Movie Review: Deadstream

After the success of The Blair Witch Project and Paranormal Activity, the found-footage format has become a favorite of horror filmmakers trying to do big things on small budgets. So many of these kinds of movies get made every year that it’s hard to believe the gimmick can still be effective, and yet time and time again it continues to work. That doesn’t mean that it couldn’t use a breath of fresh air every once in a while though, which is exactly what it receives from husband and wife writing and directing duo Joseph and Vanessa Winter in Deadstream.

Shawn Ruddy (Joseph Winter) is an internet celebrity, known for a series of videos in which he attempts to face his fears who has recently found himself “cancelled” for going too far in his last livestream. In an effort to get back into the public’s good graces he decides to broadcast himself spending the night alone in the most haunted house in America that wasn’t already so famous it would price him out. The house, known as Death Manor, has clearly sat abandoned for some time, with windows and doors boarded up and graffiti and weather damage covering the walls both inside and out. As Shawn goes about setting up his various cameras he explains to the audience the history of the home, including the various acts of violence purported to have taken place within its walls while also periodically checking in on the comments from his audience, many of which will be hysterical to anyone at all familiar with the sort of discourse that typically occurs on sites like YouTube or Twitch.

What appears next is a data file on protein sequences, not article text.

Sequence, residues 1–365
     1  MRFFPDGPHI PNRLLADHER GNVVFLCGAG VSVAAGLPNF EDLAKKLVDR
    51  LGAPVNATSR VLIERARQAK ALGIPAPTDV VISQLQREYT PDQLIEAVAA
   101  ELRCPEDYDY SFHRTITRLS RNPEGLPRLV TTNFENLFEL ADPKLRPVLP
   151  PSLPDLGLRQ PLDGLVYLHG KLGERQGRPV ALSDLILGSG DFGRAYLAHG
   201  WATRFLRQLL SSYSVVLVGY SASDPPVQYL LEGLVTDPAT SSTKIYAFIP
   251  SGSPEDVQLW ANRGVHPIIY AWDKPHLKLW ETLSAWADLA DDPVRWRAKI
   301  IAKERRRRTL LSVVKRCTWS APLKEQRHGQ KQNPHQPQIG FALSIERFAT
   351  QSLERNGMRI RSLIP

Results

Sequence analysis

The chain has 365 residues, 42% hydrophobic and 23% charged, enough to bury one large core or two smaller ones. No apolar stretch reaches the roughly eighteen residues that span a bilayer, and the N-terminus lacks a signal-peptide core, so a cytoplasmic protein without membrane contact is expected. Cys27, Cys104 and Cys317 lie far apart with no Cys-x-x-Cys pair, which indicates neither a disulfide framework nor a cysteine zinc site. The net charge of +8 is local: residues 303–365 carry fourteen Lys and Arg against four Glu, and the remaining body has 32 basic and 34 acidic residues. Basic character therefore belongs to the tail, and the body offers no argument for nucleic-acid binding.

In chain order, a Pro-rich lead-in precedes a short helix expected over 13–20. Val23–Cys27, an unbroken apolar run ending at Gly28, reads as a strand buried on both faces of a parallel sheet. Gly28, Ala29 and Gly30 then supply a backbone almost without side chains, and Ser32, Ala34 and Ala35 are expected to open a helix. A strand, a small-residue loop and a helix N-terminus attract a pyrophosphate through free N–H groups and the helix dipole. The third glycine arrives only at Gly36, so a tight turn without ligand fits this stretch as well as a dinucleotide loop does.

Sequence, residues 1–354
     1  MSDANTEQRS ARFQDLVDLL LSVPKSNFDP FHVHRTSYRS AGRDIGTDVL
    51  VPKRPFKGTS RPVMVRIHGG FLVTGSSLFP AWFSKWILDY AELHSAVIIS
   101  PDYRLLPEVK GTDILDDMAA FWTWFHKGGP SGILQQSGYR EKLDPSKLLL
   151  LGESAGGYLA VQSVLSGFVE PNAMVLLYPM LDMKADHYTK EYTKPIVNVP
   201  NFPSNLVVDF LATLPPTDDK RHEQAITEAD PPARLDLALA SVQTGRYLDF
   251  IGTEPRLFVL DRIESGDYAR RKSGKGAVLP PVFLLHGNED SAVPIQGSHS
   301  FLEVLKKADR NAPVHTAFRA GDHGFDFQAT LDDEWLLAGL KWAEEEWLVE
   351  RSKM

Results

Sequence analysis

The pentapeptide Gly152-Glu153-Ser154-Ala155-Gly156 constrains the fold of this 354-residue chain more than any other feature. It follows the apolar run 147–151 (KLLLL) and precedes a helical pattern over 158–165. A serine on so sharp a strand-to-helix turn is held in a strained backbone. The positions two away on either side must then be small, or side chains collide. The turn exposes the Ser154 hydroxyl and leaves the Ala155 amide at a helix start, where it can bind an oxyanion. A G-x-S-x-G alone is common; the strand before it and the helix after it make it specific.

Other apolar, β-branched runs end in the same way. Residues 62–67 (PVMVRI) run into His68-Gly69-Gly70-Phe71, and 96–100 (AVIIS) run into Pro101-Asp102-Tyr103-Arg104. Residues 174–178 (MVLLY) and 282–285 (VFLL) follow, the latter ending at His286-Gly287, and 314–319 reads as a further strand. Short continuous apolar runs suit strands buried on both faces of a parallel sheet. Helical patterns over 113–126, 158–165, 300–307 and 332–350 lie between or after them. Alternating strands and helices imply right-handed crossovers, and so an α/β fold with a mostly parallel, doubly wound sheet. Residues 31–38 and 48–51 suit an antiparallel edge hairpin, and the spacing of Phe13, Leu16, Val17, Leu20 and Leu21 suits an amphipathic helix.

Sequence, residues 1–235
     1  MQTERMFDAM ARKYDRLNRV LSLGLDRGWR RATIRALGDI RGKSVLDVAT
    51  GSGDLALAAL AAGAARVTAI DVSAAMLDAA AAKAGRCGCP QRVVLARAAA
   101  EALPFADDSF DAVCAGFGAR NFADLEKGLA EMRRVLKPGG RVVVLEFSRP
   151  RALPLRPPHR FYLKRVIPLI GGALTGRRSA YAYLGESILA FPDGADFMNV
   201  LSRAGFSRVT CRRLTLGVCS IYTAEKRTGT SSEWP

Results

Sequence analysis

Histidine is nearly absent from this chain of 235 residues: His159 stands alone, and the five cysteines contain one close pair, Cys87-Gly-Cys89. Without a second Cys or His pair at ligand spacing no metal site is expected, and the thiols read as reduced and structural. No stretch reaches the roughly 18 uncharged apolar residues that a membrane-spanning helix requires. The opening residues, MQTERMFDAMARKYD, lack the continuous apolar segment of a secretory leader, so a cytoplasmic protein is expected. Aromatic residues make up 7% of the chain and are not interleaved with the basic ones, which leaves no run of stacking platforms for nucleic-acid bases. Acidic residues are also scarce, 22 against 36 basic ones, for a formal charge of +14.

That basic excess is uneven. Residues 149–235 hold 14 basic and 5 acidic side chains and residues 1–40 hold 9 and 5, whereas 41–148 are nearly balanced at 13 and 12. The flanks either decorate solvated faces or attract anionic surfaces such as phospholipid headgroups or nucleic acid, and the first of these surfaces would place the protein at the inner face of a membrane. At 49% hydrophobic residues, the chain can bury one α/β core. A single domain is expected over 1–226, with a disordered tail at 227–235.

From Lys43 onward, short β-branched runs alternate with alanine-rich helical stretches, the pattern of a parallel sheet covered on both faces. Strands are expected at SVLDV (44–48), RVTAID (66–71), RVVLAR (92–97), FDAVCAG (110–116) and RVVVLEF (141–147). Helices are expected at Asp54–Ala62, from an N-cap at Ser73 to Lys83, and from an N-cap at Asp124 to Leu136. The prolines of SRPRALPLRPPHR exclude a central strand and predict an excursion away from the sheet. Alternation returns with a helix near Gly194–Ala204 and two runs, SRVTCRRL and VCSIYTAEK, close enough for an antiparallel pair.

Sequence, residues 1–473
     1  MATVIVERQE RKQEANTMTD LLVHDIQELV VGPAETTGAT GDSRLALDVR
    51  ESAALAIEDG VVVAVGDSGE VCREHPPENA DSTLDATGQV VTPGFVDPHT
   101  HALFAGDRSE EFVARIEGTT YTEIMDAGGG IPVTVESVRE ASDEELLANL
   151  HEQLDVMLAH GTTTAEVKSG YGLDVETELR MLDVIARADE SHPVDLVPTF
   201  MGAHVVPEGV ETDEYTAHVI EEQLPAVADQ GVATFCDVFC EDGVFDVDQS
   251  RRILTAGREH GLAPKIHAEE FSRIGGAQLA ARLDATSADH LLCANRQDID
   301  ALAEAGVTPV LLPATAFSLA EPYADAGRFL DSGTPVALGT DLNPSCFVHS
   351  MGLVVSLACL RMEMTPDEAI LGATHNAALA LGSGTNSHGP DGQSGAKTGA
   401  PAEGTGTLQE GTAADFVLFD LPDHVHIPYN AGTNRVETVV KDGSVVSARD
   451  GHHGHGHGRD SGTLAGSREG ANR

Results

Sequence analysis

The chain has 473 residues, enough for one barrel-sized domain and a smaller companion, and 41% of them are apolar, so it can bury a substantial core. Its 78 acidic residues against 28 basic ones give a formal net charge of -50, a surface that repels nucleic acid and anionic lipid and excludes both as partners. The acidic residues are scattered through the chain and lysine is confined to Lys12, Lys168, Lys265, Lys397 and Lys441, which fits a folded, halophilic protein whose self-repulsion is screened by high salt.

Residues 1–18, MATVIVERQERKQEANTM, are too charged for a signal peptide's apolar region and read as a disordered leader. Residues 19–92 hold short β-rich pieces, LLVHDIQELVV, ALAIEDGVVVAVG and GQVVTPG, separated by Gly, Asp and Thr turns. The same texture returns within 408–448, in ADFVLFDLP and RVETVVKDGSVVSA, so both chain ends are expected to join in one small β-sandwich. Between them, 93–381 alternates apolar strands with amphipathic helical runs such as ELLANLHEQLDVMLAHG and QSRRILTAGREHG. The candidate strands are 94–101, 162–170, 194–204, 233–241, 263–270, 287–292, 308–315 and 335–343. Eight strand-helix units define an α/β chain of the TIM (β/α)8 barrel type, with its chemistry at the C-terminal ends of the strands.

It doesn’t take long for things to get creepy, as the strange noises very quickly escalate from sounds that could possibly be caused by the wind or something similarly innocuous to the sort that would definitely require something with an intent to produce them. A possibly obsessed fan known as Chrissy (Melanie Stone) somehow also gets into the house, and while Shawn is initially wary of her presence, his audience insists that he let her stay and so the pair set about further exploring the secrets of Death Manor and trying to communicate with the spirits within, of course leading to an ever-escalating series of frightening occurrences.

While the film is frequently scary, it also understands just how silly the whole premise is and gleefully leans into it. Mixing comedy with horror can be tricky, but the Winters mostly manage to pull it off, ably switching gears and allowing the tones to heighten each other. Pieces of the set-up at the beginning seem underutilized (nothing much winds up being done with the motion-detection built into Shawn’s cameras), which can feel like a bit of wasted potential, but most viewers probably won’t even notice as the action spirals ever further into the sort of over-the-top, cartoonish gore of Sam Raimi’s Evil Dead movies. Some special effects work is better than others, with the low budget being particularly apparent in a few of the creature designs as well. The commentary on the nature of internet celebrities is pretty spot-on and remembers to avoid making Shawn so insufferable that it becomes hard to understand why anyone would want to watch him in the first place. Deadstream isn’t the best or scariest movie of the year by a long shot, but it sure is a hell of a good time. ★★★

not rated. contains strong bloody violence and gore, language, DRUG REFERENCES, AND THEMATIC MATERIAL.

Button Shudder

★★★★★ = Excellent | ★★★★ = Very Good | ★★★ = Good | ★★ = Fair | ★ = Poor

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